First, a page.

When the Israel Museum reveals its newly renovated campus in July 2010, it will display a curious (and extreme) blend of Renaissance and modernism.
The museum will feature two large-scale, site-specific works by Indian sculptor Anish Kapoor and Danish installation artist Olafur Eliasson, as part of the site’s $100 million architectural reconfiguration. And, for the occasion, the museum will receive — on extended loan from New York benefactors — an illuminated manuscript by a scribe called Nehemia of the final eight books of the Mishneh Torah (originally written by Maimonides in the 12th century). The manuscripts — the first volume is at Rome’s Vatican Library — will sit in the Jack, Joseph, and Morton Mandel Wing for Jewish Art and Life.
The Kapoor and Eliasson installations increase the museum’s holdings of both artists and extend the sculpture into the heart of the new axis of entry. The museum, perhaps more famous as the home of the Dead Sea Scrolls, also has a beloved sculpture garden containing numerous iconic works.
Museum director James Snyder, former deputy director of the Museum of Modern Art in New York said:
Eliasson and Kapoor are recognized for creating visually striking works that inspire engagement, interaction and awe.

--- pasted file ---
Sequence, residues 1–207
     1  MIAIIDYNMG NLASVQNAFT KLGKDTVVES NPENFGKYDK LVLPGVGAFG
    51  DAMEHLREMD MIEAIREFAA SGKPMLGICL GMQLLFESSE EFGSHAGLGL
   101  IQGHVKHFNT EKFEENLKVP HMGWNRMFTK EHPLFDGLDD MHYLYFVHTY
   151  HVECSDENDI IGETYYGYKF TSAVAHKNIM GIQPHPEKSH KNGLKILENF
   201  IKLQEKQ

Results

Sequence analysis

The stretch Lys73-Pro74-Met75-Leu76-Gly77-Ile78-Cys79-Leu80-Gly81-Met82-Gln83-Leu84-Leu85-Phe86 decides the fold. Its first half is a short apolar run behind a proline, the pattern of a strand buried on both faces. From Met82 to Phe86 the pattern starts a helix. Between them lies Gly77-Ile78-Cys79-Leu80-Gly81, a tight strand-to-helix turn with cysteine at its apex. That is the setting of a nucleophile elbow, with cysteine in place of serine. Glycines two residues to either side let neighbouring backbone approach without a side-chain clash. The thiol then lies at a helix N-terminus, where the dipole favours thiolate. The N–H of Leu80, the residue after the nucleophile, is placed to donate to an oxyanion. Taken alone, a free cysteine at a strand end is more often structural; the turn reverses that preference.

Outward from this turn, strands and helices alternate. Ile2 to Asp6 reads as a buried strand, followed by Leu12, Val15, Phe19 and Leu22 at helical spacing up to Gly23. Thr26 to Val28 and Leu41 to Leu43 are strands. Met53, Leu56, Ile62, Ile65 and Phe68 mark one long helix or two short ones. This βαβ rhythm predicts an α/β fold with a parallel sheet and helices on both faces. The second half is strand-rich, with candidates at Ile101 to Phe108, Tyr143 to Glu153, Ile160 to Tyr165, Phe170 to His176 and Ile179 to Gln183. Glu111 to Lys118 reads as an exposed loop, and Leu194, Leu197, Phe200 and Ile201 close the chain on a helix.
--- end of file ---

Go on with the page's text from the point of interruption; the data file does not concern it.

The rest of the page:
Eliasson, who famously installed four skyscraping waterfalls in New York Harbor in 2008, will contribute a 13-meter-long series of 360 hand-painted canvases that will, from a distance, look like an elongated rainbow. As you approach, however, each individual canvas will become visible. Whereas Eliasson’s piece is more conceptual, distorting our concept of light and space, Kapoor’s stainless steel hourglass sculpture — called “Turning the World Upside Down, Jerusalem” — has a spiritual spin. Sitting at the highest point on the museum’s campus, the sculpture inversely reflects the sky in the hourglass’s base, while reflecting the museum’s landscape in its upper half. It’s meant to capture Jerusalem’s inherent mythical and spiritual duality.
The Mishneh Torah — in the Northern Italian Renaissance style — emphasizess the museum’s considerable historical collections, and will add to its already robust cadre of illuminated Hebrew manuscripts. Maimonides’s Mishneh Torah is one of the few works its author wrote in Hebrew rather than in Arabic, his native tongue. Illustrated with six painted panels festooned with gold leaf and lettering, the volume also has scholarly significance: it contains previously unknown rabbinic interpretations.
Despite the Mishneh Torah, the contemporary installations, prominent as they are, are sure to cause a stir on the international art scene.
On site in Israel, the Forward’s Arts and Culture editor, Dan Friedman, discusses the soon-to-be-unveiled Anish Kapoor sculpture with museum director James Snyder:
This blog entry has been amended to note that the manuscript displayed is a copy by Nehemia from the 15th century.